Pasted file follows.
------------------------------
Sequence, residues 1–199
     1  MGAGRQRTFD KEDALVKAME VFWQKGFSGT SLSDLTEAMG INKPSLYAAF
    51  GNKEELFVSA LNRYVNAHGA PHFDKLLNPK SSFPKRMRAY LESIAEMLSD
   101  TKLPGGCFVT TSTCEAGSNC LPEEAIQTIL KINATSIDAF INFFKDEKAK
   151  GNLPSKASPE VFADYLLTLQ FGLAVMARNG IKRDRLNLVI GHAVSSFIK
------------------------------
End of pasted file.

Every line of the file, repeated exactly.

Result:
Sequence, residues 1–199
     1  MGAGRQRTFD KEDALVKAME VFWQKGFSGT SLSDLTEAMG INKPSLYAAF
    51  GNKEELFVSA LNRYVNAHGA PHFDKLLNPK SSFPKRMRAY LESIAEMLSD
   101  TKLPGGCFVT TSTCEAGSNC LPEEAIQTIL KINATSIDAF INFFKDEKAK
   151  GNLPSKASPE VFADYLLTLQ FGLAVMARNG IKRDRLNLVI GHAVSSFIK